A Book for the Parents of Readers

A few weeks ago my coworker said, "Have you read Jo Walton? You should read Tooth and Claw. It's like Trollope, but with dragons."

I love Trollope. And dragons—they are compelling.

I went to the library, and of course they didn't have Tooth and Claw, but they did have Farthing and Ha'Penny, which I took out, and read, and enjoyed. But I did not fall in love. 

Time went on (as it does), and I was in a bookstore, nosing around, still looking for Tooth and Claw, when I came upon this.

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And then I read the back, which talked about magic and children and reading. And I bought it.

How to explain myself here? I was moved, deeply moved, but in the oddest way. I felt torn between identifying so much with the voice of the main character, an angry, sharp, hurt child—and also, seeing her as my child, rather than myself.

This has never happened with me before when reading something.  I still can't quite get my mind around it. The story is told in diary form, and at times the voice is almost too teenaged—embarrassed and self-conscious and arrogant. But it's written by an adult, and that distance is there too. 

I read it thinking, "I have to give this to Diana to read. She needs to know that she's not the only one sneaking into the library as if into a haven of purest delight. She needs to know that there are others like her." I thought it would be that book that powerfully connected us.

When I came to the part where the main character finds others who read like her, I cried. The possibilty of connection, and the reality of daily isolation, exploded for me there.

So of course, here's the thing: it left Diana unmoved. Unmoved! "I wanted there to be more with the aunts."

"Well, I wanted there to be more with the aunts, too, but the voice…."

"And I didn't think the boyfriend thing made sense. I mean, it was all right, but." But no.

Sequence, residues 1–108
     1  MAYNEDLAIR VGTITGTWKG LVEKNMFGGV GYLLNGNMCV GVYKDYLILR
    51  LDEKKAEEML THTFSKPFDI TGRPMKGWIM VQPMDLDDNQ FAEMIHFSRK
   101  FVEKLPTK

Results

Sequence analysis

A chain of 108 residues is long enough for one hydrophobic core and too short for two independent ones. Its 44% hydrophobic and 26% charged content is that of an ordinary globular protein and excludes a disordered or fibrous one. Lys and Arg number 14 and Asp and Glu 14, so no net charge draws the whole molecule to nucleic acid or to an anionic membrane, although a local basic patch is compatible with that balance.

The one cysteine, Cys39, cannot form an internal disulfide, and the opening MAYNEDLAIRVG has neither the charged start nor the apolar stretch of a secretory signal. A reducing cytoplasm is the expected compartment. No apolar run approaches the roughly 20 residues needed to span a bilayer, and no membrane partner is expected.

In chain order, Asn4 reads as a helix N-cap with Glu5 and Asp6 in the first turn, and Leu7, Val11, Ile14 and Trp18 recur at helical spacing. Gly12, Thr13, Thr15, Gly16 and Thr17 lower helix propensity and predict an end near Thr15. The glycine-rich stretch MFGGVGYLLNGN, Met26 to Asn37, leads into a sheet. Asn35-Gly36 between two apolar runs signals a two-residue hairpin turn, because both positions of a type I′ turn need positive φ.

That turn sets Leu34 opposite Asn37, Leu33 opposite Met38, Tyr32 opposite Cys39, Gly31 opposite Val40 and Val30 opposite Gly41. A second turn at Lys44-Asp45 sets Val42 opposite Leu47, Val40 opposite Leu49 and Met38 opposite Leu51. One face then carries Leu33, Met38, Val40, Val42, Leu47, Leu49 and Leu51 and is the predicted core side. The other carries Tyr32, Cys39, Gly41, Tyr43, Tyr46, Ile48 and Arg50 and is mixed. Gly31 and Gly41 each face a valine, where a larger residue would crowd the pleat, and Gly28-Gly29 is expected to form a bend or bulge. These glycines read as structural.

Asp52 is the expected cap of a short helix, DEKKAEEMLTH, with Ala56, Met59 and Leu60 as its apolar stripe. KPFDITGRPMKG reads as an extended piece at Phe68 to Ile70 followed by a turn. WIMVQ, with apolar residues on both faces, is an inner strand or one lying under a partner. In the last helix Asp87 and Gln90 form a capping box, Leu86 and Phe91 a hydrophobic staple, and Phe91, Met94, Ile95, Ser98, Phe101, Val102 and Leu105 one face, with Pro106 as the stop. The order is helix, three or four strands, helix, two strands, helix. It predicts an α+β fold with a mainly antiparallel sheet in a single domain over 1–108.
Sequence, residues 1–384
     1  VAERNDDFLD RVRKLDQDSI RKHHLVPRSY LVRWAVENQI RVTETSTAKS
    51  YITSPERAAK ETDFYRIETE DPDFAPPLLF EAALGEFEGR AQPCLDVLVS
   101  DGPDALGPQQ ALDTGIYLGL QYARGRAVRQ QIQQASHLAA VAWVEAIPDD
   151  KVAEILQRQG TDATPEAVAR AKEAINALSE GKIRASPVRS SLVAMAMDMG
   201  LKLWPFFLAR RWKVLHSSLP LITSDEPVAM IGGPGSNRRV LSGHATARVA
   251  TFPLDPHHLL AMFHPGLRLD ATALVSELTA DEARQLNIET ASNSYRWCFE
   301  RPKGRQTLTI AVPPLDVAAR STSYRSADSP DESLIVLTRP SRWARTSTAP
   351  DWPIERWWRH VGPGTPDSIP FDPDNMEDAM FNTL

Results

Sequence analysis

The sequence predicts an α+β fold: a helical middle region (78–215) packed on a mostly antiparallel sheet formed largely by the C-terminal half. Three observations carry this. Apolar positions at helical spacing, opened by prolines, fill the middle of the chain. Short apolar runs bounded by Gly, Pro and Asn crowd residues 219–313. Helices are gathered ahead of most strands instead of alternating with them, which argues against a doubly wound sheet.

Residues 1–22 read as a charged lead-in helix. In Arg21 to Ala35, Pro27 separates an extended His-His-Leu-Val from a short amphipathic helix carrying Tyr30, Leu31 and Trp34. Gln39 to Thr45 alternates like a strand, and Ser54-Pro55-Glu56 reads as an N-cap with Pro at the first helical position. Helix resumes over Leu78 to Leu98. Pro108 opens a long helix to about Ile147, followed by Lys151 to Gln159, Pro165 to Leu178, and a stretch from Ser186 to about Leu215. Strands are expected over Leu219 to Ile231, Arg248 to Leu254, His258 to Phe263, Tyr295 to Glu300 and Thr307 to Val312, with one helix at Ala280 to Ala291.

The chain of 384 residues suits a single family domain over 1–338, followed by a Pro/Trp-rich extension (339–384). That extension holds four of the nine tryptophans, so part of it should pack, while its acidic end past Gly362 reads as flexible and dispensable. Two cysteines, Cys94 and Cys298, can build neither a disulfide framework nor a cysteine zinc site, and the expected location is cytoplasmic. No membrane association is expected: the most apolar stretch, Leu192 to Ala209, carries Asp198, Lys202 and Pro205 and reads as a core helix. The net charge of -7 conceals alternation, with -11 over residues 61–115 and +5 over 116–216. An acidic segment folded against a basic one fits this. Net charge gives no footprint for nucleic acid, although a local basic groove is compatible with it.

So: if you have—or were—a heavy-reading, fantasy-loving kid, you should read this. Maybe even hand it over to your kid?* It may work better for him or her than it did for mine.

Also: As I have been sorting through this book and my feelings about it, I came upon two awesome things.

1) Ursula K. LeGuin has a blog. Oh my God. 

2) And SHE was reading Among Others at the same time as I was. URSULA K. LEGUIN AND I WERE READING THE SAME BOOK AT THE SAME TIME. And she wrote a post about it. 

3) She posts pictures of her cat on her blog, which just goes to show you that…what? The internet has its own quite terrifying power. Also, not to show off or anything, but her cat and my cat look very similar. I'll bet you're all pretty impressed by that.

There are so many books in the world for parents whose kids don't read. But this is an amazing book to read for the parents of those kids who do. Not on purpose or anything. But just that…it is.

*[Note + Spoiler Alert: There is a pretty crazy section where the main character's father gets drunk and tries to sleep with her, which I am still not quite over, but if you were thinking about offering it to your kid, just know that in advance, maybe?]

One thought on “A Book for the Parents of Readers

  1. I love that book so hard. Am going to booktalk it for a one-minute staff-reviews event next week and have no freaking idea what I’m going to say.

    Like

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